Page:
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February 05, 2015

Anthem Breached: The Hunt for PII

Written by David Kennedy
Anthem, the second largest medical provider in the United States reported a large-scale breach, which impacts an estimated 80 million employees and customers. It has been reported that no medical information was obtained but data such as social security numbers, addresses, salary information, and birthdates are impacted. Any breach is unfortunate, and the team over at TrustedSec wishes the best for the security folks over at Anthem which have an overwhelming task ahead of them. A breach can happen to anyone - it's how we prepare and respond before, during, and after that makes the difference. With the Anthem breach (and such a large breach around PII) is this the new norm for 2015? We saw s trend in 2013 and 2014 around credit card breaches by (to name a few) Target, Jimmy Johns, K-Mart, Home Depot, and may others. Since these breaches (and well before), The U.S. has been under a massive push to switch over to Europay MasterCard and Visa (EMV) or the "smart card chips". If you aren't aware, the U.S. uses an extremely antiquated system for swiping credit cards - the magnetic stripe. The magstripe is a clear-text representation of account information which has been used in some of the largest breaches we've ever seen. Since the adoption of EMV across the world and the slow response to the financial system in the U.S., we saw a massive increase in credit card compromises. Since the push towards EMV, many retailers now support this and have made it significantly harder for such large scale breaches to occur. There are still many concerns on the retail front - including EMV which is far from perfect but a general step in the right direction. Retailers are still significantly behind in security practices and EMV is still being rolled out and will continue for the next few years. An old but new trend in medical and identity fraud? The medical industry has been subjective to attack for a number of years - that's nothing new. Over the past several years the federal government mandates (meaningful use) to move towards electronic patient healthcare information (ePHI). We now have an issue - medical organizations have millions upon millions of records of personal information in large databases. The retail industry - while drastically behind the times on the security front, you can consider the medical field literally years behind the retail industry. @SpaceRog (Space Rogue) on twitter pointed out that medical fraud amassed 48 billion in 2010 and credit card fraud was only 11 billion in 2012.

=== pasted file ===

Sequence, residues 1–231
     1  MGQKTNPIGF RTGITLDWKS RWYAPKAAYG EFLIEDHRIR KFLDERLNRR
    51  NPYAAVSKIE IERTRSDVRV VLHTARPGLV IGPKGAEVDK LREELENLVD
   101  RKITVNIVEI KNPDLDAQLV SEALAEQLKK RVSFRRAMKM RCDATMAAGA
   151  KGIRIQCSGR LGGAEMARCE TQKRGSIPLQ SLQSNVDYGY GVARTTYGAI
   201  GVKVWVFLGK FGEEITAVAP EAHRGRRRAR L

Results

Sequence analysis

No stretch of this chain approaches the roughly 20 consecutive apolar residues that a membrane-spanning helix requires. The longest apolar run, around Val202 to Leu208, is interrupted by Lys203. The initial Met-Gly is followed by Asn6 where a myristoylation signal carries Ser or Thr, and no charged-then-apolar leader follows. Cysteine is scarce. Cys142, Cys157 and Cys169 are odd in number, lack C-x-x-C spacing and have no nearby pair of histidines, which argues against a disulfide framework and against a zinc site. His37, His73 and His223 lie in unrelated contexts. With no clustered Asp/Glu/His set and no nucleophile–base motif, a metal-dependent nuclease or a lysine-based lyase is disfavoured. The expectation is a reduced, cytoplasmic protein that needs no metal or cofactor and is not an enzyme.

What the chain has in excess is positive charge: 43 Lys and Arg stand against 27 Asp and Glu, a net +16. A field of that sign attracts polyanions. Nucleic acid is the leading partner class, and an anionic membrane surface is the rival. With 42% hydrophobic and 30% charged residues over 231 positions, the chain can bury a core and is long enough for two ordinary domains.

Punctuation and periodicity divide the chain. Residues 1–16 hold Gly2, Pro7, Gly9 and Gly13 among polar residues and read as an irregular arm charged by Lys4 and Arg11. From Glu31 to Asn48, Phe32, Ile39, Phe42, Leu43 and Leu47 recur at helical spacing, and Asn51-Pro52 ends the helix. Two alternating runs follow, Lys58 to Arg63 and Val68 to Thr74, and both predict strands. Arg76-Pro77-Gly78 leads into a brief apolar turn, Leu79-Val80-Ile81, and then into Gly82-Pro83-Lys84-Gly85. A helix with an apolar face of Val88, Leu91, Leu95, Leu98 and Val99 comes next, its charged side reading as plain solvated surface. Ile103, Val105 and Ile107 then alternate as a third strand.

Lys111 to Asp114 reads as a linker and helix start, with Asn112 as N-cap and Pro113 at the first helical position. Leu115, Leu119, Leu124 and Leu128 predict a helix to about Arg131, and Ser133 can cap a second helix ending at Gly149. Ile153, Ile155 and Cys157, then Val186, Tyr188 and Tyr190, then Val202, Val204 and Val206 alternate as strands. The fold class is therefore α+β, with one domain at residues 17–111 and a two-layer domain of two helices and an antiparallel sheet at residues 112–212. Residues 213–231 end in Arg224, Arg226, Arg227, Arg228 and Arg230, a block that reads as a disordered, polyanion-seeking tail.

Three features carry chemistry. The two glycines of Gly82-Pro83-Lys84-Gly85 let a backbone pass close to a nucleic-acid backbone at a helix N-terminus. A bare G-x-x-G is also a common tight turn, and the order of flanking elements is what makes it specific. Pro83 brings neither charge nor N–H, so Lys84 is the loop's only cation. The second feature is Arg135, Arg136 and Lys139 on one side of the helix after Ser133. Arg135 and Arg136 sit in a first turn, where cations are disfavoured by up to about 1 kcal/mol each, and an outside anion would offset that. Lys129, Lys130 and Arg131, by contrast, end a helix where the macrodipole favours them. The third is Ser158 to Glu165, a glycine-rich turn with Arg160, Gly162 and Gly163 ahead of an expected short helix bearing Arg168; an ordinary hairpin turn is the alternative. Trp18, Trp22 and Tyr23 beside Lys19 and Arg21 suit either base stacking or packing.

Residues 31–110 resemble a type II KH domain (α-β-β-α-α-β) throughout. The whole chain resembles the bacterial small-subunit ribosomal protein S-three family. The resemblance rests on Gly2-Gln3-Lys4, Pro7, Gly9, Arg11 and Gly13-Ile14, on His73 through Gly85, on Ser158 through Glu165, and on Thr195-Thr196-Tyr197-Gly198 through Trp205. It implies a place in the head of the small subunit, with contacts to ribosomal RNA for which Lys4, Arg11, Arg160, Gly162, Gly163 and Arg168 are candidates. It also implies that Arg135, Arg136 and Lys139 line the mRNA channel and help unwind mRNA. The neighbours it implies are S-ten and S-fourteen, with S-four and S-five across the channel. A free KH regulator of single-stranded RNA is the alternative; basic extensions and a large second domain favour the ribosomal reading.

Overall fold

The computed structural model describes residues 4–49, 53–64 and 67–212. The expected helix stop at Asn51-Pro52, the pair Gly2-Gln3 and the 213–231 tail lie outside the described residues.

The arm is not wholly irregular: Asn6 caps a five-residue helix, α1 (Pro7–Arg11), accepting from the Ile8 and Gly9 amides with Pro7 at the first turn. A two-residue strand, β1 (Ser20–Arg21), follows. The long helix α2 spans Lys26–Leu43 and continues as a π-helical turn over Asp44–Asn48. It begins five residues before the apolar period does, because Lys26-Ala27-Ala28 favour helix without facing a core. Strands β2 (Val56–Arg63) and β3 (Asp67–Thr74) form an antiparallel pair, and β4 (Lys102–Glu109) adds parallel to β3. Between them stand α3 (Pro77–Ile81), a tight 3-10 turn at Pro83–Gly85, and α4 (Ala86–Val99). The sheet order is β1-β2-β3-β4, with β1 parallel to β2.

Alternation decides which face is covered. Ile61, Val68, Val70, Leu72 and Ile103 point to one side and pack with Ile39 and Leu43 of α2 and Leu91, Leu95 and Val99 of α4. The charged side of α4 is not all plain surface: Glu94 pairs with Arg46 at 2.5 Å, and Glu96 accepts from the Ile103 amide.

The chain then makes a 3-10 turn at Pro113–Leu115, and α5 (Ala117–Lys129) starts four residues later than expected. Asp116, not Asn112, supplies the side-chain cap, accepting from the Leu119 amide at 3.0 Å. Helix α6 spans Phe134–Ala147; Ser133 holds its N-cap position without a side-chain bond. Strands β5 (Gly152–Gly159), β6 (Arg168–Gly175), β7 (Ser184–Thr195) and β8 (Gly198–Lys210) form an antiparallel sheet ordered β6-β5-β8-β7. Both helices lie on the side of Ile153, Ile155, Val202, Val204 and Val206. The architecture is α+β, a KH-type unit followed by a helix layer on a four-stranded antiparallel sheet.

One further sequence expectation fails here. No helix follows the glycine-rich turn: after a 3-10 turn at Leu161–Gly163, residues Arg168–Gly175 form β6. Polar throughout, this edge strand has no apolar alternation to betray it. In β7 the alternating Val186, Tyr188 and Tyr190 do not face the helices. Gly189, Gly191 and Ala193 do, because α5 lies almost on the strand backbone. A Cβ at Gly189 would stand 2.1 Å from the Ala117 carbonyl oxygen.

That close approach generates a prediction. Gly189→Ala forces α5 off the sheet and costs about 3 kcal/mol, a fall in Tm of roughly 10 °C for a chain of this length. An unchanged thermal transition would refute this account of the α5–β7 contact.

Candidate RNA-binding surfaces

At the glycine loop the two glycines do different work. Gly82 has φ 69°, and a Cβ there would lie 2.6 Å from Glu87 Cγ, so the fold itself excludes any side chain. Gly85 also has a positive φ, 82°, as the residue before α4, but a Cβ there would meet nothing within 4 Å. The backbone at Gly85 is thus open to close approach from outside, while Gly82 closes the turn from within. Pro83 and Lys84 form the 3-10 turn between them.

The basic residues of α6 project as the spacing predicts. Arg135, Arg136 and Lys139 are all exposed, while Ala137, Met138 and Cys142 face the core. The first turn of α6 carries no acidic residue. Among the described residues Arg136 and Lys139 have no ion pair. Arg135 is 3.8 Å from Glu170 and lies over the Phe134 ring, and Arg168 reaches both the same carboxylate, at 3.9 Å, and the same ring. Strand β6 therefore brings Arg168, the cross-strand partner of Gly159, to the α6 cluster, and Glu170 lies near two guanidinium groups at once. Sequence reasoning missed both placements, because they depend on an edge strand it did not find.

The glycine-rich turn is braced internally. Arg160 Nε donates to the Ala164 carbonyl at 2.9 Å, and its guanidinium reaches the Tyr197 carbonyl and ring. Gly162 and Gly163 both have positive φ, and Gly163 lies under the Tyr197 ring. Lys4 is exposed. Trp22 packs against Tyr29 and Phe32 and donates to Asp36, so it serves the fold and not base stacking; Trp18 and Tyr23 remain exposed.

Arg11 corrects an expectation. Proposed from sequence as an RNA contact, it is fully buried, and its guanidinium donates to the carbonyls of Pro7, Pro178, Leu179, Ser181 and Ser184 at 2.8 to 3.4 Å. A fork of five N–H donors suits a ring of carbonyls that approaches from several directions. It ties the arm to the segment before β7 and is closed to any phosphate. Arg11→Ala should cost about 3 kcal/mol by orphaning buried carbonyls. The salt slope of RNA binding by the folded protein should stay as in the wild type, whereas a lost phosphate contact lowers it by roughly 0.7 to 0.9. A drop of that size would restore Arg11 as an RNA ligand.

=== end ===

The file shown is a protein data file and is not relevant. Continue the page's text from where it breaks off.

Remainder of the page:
Direct links: big problem with identity and medical fraud Credit compromised? Okay great - re-issue the credit card and replenish funds. While a slight discomfort for individuals, it is relatively easy to detect a large breach on a credit card front from the banks that detect them. For the identity theft piece - it's extremely difficult to detect where the initial vector was, and even determine if a large compromise has occurred. Performing fraud on someones identity is costly, painful to dispute, and requires a significant investment from the individual impacted by it. Out of all the breaches that occur - identity theft is by far the most painful for an individual. Analysis of the Anthem Breach We have no idea what the information was used for at this point in time. What we do know is that a year of identity protection services has little to no impact on preventing fraud for an individual because its not as easy as getting a new credit card to replace an identity. These types of breaches are significantly more damages and painful for individuals. A breach can happen to anyone - however in stating that, having access to 80 million plus records and reporting that it was compromised is an alarming trend that will continue. A few questions we need to be asking as an industry is how did they get access to that information and why wasn't it properly protected (encrypted)? Credit Cards still a focus Credit cards are absolutely still a focus for hackers. It's easy in the carder market to sell bulk numbers for a profit and hard for attribution. Credit cards will still be a massive push and will continue to be a major front for offensive for retailers. Moving forward and a call to action. The medical industry has to step up its game, and it needs to do it now in regards to INFOSEC. HIPAA is not the solution towards a successful security program - its a crutch. Focus on building a security program that can detect attacks and response effectively. There are a number of industries focusing on the betterment of protecting against attacks - the medical industry is not one of them. This blog post was written by David Kennedy - Founder of TrustedSec